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Opinion: Stop Perversing Parasite’s Oscars Win for Your Xenophobic Agenda

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Film poster for Parasite, the big winner of the 2020 Oscars.

The year 2019 has seemingly ended a long stint of Hollywood’s lack of Asian film representation with mainstream hits such as Crazy Rich Asians, The Farewell, and now Parasite. But Parasite pushes the bar of achievement even higher — a spectacular four Oscar win with Best Picture, Best Director, Best Foreign Language Film, and Best Original Screenplay — adding the director Bong Joon-Ho to the small list of people with three personal wins in one night.

The record-breaking win was a surprise even for Bong Joon-Ho despite already winning the top prize at Cannes, as he states, “The Oscars are not an international film festival. They’re very local.” The Oscars also has a controversial track record against international film wins, demonstrated not long ago with Roma’s unsuccessful bid for Best Picture, which makes Parasite’s win that much more unique. 

For those who have yet to watch this comedy/thriller, the win for Parasite is well warranted for its expressive cinematography, unsettling exploration of human nature, and nuanced symbolism that goes beyond just the representation of social class but also introduces references to Korean culture and mannerisms. For films that tackle one of the biggest topics of today’s political climate, economic disparity, everyone first thinks of Joker, myself included. However looking back after watching Parasite, it’s clear that Parasite is what Joker wanted to be. 

[If you want to learn more about Bong Joon-Ho’s decision making behind the film’s motifs read our interview with the director himself.]

But it’s important to note that while reception for this film has been positive, the Oscars win has sparked some controversy. A National Review article describes Parasite’s win as “anti-American” and amusing for “idiots who yearn for revolution and communism.” Conservative pundits also tweeted out “These people are the destruction of America.” Most recently, even President Trump spoke out against the win, asking “What the hell was that even all about?” at one of his rallies in Colorado. As an Asian-American, it’s well-ingrained for me that in America, all “Asians” are compartmentalized under an umbrella term covering all countries and cultures that vary drastically in the continent as a whole. As an “invisible minority” our identity is only utilized for any narrative that usefully fits the agenda of other races. But after seeing the angry reactions towards a simple award given to a Korean movie, suppressed racial epithets from American xenophobes are loud and clear.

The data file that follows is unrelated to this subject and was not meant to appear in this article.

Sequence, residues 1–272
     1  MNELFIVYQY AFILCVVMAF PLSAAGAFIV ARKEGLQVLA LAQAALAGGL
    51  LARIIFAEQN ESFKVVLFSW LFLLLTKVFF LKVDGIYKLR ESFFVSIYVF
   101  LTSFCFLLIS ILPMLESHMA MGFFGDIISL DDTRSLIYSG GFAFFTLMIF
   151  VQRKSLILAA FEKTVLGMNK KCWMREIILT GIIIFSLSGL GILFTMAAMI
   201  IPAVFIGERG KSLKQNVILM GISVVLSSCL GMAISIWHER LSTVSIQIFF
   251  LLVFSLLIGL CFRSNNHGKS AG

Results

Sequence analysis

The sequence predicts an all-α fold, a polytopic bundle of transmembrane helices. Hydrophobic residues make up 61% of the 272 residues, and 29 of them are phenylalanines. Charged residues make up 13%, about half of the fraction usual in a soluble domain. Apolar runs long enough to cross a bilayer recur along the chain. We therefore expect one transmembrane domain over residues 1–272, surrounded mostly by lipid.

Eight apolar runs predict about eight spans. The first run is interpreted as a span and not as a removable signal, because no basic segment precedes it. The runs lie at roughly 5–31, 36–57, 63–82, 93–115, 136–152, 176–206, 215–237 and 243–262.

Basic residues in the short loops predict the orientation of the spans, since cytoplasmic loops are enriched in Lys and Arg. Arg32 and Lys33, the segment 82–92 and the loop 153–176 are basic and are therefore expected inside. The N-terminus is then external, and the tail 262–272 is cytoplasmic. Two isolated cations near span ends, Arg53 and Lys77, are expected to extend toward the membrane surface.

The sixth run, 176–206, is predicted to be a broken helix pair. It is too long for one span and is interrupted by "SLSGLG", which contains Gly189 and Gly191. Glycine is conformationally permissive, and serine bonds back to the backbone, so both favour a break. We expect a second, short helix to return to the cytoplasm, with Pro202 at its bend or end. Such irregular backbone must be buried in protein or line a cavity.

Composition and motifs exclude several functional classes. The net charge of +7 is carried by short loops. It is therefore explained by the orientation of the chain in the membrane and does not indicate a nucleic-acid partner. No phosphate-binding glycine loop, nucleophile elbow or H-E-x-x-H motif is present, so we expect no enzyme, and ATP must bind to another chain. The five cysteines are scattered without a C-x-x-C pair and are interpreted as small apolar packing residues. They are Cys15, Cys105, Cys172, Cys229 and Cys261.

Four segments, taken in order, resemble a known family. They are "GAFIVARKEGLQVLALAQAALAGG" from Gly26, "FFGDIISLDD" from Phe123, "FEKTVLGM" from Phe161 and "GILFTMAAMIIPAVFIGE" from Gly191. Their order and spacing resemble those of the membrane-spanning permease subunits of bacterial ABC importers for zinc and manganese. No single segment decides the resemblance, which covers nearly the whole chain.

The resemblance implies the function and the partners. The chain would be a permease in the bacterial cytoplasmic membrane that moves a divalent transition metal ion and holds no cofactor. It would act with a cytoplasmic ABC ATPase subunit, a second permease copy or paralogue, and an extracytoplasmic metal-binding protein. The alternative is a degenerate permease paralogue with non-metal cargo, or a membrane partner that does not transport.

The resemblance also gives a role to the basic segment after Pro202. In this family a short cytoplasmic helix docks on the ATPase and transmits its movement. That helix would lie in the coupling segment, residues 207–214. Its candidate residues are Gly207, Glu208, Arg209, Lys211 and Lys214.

For some Americans, listening to imperfect English and reading subtitles while watching films prove to be insurmountable tasks to overcome. Some forget that their ancestors were once immigrants to this country as well, forgetting we live in a small world where–surprise!–people of different cultural backgrounds exist all throughout America! Is it also so hard to believe that this year, an Asian film is just plain better than anything that came out of Hollywood? It’s surprising to see that xenophobia would be a topic after an awards ceremony for a film, either because “threatening” non-white narratives are becoming more prevalent in media, or because sadly some people just can’t enjoy a movie for being a movie. 

Kwak Sin Ae, Bong Joon-ho, and the cast and crew of Parasite. Photo by ABC/ ERIC MCCANDLESS.

Parasite’s international film win is propagating conversations and building respect for Asian film and media. Yet, going back to the point of “Asians” as an umbrella term, the win undeniably goes to South Korea. It is until the conversation is observed by an American perspective, does the win get labeled as a shared Asian victory. For Americans of Asian ethnicity, there is still much ground to cover. 

On a good note, we can celebrate Parasite’s win as another step towards Hollywood’s welcoming gesture of global inclusivity for the American film audience. I’m hoping that this acceptance stays consistent in the years to come, as inclusivity should be welcomed not feared. If we look past the opinions of a few loud, aggravating voices, we find that art and film can be an experience that is both universally shared and loved by all.

Bong Joon-ho. Photo by DAVID SWANSON/EPA-EFE/Shutterstock

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